And though these policies have been introduced and presented as morale-boosters or salves for burnout or stress caused by the pandemic, it’s not clear to Alex that a policy alone can fix it. “I think that the ubiquitous stress/burnout is much larger and something that having free Fridays won't fix,” they told The Org. “Since I work in tech, the non-burned out folks are really driven and want to see results quickly, and they're the ones most likely to schedule something on a Friday or agree to a Friday meeting.”

What about other four-day workweek styles?

Particularly for client-services companies, granting everyone the same Friday off can be tricky. At Brilliant, a startup that helps companies curate, produce and distribute merchandise, founder and CEO Millie Tadewaldt implemented a one-day-a-month “Self Care Day” in January 2021 for employees to take off a day in the middle of the week instead to take care of themselves. And having the day fall in the middle of the week also allows people time to handle anything that comes up on their Self Care Day, which is important since Brilliant is largely a client services organization.

“The idea originally struck me because, as a parent, it occurred to me that I had had zero days off since my 6 year old was born in the sense that my nights and weekends (caring for kids) are someone else's full time job,” she told The Org. “The idea is that it's a set Tuesday, Wednesday or Thursday each month (e.g., the third Wednesday). It's in the middle of the week so you aren't tempted to make it a long weekend and ‘go big’ but rather that you'll use it for true self care.”

Tadewaldt, who describes herself as “four-day workweek curious,” says Brilliant hasn’t seen a loss of productivity, and that people organization-wide respect Self Care Day. When someone takes their day off, a Slack emoji of a blob wrapped in a cozy blanket has become popular to indicate that they’re out of office for their Self Care Day.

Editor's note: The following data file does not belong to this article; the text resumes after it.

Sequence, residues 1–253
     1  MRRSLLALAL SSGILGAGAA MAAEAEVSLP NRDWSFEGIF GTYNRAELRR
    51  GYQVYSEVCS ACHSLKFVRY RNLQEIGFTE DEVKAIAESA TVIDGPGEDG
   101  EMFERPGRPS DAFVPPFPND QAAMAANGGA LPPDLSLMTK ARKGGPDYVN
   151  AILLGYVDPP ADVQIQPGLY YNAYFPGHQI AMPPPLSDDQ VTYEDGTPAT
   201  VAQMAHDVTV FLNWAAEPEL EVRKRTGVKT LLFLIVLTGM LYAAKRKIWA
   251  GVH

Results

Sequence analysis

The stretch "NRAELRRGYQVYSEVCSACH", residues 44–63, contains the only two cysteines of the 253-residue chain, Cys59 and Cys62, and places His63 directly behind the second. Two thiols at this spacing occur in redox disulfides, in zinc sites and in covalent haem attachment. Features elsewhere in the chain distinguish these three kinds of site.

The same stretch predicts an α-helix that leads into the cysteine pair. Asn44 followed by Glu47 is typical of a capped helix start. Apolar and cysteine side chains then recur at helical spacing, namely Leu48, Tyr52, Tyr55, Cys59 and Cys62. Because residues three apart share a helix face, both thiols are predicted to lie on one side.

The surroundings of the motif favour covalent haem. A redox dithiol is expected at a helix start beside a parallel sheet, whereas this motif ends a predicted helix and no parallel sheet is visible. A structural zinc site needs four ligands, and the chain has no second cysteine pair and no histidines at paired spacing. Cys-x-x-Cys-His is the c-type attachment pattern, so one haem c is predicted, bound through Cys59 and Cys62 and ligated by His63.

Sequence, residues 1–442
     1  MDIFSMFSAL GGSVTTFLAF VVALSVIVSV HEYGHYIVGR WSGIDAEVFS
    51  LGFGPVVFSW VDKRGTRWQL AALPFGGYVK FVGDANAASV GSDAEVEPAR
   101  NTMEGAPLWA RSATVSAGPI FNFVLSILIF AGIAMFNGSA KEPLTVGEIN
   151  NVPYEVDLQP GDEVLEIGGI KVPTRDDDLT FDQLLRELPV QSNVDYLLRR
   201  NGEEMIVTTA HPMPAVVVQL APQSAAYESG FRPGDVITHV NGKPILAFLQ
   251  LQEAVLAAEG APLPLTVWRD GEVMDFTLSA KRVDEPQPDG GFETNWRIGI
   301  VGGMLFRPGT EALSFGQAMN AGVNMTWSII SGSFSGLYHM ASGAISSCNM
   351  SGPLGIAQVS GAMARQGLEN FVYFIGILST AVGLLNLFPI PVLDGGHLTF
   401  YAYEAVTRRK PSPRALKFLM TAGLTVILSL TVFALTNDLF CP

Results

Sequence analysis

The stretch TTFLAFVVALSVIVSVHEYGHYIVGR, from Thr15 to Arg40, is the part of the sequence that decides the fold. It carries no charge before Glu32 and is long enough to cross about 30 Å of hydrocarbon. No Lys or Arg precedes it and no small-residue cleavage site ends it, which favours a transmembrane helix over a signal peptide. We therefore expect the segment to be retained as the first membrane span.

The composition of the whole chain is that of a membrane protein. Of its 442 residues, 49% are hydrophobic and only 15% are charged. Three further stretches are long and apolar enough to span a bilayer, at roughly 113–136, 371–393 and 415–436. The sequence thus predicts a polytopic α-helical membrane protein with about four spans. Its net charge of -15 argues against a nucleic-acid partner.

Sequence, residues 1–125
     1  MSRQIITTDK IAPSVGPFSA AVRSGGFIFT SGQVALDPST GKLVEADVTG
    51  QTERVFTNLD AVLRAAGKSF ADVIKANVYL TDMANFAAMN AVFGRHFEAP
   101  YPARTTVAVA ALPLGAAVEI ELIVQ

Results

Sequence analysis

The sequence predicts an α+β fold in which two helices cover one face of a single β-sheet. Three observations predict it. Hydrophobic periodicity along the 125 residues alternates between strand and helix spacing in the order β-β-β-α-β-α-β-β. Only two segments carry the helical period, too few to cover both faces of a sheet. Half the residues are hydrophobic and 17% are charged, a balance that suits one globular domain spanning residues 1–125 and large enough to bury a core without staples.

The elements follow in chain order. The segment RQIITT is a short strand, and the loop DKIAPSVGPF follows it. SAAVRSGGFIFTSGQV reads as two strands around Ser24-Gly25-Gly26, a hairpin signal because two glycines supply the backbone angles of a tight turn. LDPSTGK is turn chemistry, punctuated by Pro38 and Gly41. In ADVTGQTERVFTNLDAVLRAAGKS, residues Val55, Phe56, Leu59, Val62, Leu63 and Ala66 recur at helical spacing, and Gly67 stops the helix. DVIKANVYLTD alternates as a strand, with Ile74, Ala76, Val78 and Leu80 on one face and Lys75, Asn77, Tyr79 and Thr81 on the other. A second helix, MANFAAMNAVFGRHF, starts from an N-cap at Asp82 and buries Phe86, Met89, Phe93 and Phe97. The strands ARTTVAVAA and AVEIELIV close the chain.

The future of the five-day workweek

In a tight labor market, one benefit of shortened workweeks and extra time off can’t be overlooked. “Overall, I think it is a great policy and is something that has stopped me from considering other positions,” Amanda, who works at the edtech company with the expanded Summer Friday policy, told The Org. “Having that Friday off is worth getting paid a little less than I know I could get if I switched jobs. It's essentially 25 extra days of PTO.”

This slightly shrunken workweek looks a bit like the four day workweek, which companies such as Shake Shack and Kickstarter have experimented with since 2020. After an experiment in Iceland gave support to the idea that four-day workweeks improve worker morale and wellbeing without reducing output, a majority of Icelandic workers have now moved to shorter workweeks, or will soon have the right to. Here in the U.S., the Congressional Progressive Caucus is backing a bill called the “32-Hour Workweek Act,” which would theoretically shorten a regular week of work from 40 hours to 32, and bring the four-day work week stateside.

As Americans rethink the role work plays in their lives, the four-day workweek’s implementation into law — or at a minimum, into the mainstream — could mark a shift in how we think about work. "The traditional model of how we work has been broken," Meghana Reddy, vice president of video messaging service Loom, recently told Reuters. "I think there's a real opportunity there to just say, let's have work fit into our lives in a better way, as opposed to us fit our lives into work."